Disease Modifying Therapy…

Disclaimer: I am not a healthcare professional and everything I write in this post is solely from my experience during my diagnosis and research for treatment options.  

“Disease-modifying therapies (DMTs) are treatments that can reduce the activity and progression of multiple sclerosis (MS). They can be useful for both people with relapsing-remitting MS (RMS) and relapses of progressive forms of MS. A relapse is the worsening of symptoms and/or the appearance of new ones, which last at least 24 hours and are separated from a previous relapse by at least one month.” Link   

Due to the placements of my lesions throughout my central nervous system, I was advised for a high efficacy therapy; however, my options were limited due to testing positive for JC virus which may cause PML upon taking certain medications.  

My options were Aubagio (Teriflunomide) or Ocrevus (ocrelizumab). Since the Neurologist I see is part of a research facility, I was recommended to participate in one of the studies that the practice was conducting to compare Aubagio with a BTK inhibitor study drug. The two studies at the time had different limitations and the deciding factor comes down to a personal preference. After consulting with my family and my PCP, I decided to go with one of the studies.  

All studies come with specific guidelines and these differ based on various components of the chemical ingredients, in my case one study was longer than the other, the bottom line was the length of the study because one study was about 200 weeks long and another 96 weeks, so I decided to go for the 96 week study out of which I have completed 41 weeks – almost half way there..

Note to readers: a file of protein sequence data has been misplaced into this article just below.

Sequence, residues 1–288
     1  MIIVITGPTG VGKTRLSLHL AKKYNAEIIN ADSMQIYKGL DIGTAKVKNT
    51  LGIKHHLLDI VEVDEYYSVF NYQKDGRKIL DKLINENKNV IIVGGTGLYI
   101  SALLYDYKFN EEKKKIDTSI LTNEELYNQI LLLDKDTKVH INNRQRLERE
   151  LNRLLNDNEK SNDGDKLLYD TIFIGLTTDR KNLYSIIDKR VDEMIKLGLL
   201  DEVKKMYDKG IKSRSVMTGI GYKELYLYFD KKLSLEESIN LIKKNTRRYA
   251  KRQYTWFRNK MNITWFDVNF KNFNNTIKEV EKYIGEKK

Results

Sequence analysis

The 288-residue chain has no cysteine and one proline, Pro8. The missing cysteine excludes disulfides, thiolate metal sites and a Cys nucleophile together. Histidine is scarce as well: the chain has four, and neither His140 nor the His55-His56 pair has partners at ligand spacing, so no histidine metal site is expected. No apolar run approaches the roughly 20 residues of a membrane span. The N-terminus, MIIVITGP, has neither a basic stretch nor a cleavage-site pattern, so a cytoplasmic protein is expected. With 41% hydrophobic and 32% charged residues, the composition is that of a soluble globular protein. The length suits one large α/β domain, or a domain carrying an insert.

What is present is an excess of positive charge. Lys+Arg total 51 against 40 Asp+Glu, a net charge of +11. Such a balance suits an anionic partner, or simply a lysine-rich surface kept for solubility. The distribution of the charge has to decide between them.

I am enrolled in a Phase III, multicenter, randomized, parallel group, double-blind, double-dummy, active-controlled study of Evobrutinib with an active control Teriflunomide. The study has its pros and cons and limitations but at this time, as follows:  


  • Because it is a comparison, you are getting a newer and improved treatment for a disease before it is available to everyone. 
  • You are playing a more active role in your own health care. 
  • Researchers are providing you with medical care and more frequent health check-ups as part of your treatment. 
  • You may have the chance to help others get a better treatment for their health problems in the future. 
  • You may be able to get information about support groups and resources since.  


  • The new treatment may cause serious side effects or be uncomfortable. 
  • The new treatment may not work, or it may not be better than the standard treatment. 
  • You may NOT be part of the treatment group (or experimental group) that gets the new treatment—for example, a new drug or device. Instead, you may be part of the control group, which means you get the standard treatment or a no-treatment placebo. 
  • The clinical trial could inconvenience you. For example, medical appointments could take a lot of time. You might need to travel to the study site several times or stay in the hospital. 


  • No red wine during study period (side note: I crave it sometimes but I can live without it). 
  • No bitter orange, grapefruit, or tropical fruit is allowed.  

It is important for patients to consider their options with their healthcare providers before making any decisions.  

I hope this post was somewhat helpful. Let me know if y’all have any questions!!

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